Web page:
Find out how Twitter India has been helping Twitterati dole out social change 140 characters at a time.
Tweets flutter across desi airspace like it’s migration season all year round.
Whether it’s a celebrity telling cyber bullies to back off, or our very own external affairs minister delivering sweet relief to her 7 million followers, Twitter has equipped millions of Indians with the ability to speak out and be heard.
But the truly incredible stories that unfold on the social media site are narratives involving ordinary folk who turn to the little blue bird to cut through red tape.
In 2016, a simple tweet calling attention to starving baby rhinos at the Kaziranga National Park, orphaned due to the devastating Assam floods, received an outpouring of support. Almost immediately, food and drink conglomerate Nestle India sent help on the way, sponsoring 103 cartons of milk towards relief efforts.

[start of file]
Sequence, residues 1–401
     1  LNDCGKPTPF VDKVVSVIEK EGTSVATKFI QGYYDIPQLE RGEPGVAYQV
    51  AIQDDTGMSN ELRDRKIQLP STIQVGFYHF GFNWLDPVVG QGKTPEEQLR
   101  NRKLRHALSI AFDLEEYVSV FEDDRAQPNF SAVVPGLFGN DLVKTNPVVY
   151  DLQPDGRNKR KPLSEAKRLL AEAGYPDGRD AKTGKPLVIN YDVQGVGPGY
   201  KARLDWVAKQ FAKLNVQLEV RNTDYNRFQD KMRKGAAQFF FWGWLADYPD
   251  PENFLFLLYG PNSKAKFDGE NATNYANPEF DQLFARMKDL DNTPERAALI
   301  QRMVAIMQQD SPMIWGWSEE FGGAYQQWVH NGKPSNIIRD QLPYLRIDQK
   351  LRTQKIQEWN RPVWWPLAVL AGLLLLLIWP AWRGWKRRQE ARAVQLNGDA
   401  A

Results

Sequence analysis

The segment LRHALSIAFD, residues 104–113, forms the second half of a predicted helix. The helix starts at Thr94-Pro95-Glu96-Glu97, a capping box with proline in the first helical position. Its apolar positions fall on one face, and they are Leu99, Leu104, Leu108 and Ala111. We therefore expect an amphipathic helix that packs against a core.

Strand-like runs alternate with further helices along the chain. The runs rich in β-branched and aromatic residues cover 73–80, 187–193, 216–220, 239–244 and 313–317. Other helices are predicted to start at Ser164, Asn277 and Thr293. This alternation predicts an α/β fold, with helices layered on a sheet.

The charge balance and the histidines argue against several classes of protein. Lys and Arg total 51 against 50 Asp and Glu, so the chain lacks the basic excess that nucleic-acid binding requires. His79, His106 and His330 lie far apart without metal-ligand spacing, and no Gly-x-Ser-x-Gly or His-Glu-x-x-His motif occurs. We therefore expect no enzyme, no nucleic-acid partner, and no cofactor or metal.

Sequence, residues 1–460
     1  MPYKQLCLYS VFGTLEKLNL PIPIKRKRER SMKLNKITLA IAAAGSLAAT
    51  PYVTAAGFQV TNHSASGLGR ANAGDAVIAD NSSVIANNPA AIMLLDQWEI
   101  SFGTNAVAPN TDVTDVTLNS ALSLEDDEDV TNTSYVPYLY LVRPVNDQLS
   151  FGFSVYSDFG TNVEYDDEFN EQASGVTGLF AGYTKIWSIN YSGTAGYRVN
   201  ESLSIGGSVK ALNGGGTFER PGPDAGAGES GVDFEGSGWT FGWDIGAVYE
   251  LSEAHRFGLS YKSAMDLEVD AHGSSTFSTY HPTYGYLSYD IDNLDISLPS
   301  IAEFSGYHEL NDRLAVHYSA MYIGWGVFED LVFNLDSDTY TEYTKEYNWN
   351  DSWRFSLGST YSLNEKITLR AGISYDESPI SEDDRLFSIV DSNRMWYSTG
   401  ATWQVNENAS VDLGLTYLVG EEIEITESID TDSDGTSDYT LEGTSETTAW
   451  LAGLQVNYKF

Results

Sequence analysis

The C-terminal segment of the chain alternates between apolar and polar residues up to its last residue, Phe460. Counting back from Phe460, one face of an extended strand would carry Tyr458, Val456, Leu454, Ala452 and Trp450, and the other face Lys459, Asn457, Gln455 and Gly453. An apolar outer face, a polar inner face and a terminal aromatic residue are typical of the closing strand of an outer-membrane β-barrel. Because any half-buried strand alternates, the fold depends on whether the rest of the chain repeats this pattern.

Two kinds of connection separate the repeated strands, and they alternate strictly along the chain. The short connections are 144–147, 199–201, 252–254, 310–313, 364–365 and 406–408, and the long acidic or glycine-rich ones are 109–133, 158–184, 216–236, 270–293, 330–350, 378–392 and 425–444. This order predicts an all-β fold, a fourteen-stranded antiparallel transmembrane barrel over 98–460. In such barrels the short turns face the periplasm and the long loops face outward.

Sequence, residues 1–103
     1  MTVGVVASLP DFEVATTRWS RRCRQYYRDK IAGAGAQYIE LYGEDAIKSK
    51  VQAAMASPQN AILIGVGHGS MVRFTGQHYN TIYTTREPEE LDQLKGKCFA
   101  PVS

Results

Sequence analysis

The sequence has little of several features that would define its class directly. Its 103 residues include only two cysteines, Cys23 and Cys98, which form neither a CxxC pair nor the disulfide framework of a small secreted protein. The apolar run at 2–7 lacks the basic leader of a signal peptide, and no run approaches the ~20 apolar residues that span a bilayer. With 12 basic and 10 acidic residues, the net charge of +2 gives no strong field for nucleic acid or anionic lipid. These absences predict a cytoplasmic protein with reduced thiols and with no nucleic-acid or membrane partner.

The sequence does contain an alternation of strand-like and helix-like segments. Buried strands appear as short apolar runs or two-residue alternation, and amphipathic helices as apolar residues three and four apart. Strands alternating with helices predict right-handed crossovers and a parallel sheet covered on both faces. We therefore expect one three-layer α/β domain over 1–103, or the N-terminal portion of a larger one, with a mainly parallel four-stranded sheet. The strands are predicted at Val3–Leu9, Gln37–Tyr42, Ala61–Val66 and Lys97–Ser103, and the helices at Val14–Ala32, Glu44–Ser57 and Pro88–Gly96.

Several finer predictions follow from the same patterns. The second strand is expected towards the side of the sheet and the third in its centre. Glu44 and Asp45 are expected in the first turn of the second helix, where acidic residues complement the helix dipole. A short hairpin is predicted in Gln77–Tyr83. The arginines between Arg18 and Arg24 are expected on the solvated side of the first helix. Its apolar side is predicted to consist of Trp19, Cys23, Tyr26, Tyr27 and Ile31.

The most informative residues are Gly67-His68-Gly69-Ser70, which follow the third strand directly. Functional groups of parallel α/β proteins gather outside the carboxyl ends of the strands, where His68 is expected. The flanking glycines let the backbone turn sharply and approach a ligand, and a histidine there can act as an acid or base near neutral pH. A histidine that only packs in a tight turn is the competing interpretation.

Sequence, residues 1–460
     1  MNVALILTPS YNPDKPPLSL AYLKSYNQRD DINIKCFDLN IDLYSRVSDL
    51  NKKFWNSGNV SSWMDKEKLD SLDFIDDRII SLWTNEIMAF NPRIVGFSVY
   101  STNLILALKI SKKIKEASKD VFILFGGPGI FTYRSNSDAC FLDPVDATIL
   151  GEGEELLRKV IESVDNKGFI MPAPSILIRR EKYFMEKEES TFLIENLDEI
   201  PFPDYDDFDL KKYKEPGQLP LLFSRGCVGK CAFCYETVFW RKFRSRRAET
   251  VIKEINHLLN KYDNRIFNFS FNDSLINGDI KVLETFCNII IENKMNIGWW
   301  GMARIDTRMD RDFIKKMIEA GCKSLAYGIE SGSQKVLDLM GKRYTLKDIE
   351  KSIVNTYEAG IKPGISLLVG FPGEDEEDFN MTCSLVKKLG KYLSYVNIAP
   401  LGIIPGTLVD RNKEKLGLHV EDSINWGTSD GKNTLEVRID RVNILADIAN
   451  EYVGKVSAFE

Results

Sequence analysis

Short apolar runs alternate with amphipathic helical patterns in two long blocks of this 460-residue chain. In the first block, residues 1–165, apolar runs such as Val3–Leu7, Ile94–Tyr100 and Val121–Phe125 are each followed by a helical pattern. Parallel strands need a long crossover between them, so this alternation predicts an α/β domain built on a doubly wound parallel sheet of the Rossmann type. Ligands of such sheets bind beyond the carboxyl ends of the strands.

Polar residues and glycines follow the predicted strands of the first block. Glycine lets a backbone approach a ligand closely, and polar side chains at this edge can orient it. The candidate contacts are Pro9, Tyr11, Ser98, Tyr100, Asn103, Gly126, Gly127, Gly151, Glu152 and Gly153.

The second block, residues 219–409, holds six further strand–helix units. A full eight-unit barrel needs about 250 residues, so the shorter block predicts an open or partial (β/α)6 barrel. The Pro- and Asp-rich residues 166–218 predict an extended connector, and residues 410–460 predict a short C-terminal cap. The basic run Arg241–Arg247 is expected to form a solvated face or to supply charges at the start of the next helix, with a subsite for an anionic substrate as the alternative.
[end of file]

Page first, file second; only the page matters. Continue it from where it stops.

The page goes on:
Shortly after, airline Spice Jet volunteered to fly the cargo for free to Jorhat, with the entire dispatch being live-tracked by tweets at every stage of the process.
Then there was the case of UP-based Hindi weekly Khabar Lahariya. For nine months, formal complaints regarding a serial stalker targeting the newspaper’s female reporters lodged at local police stations went completely ignored. Then webzine The Ladies Finger reported the story.
Within 48 hours, the culprit was arrested, thanks to a chain of tweets that saw the story shared on Twitter, the chief minister’s office tagged and the Banda police directly called to action by the state government.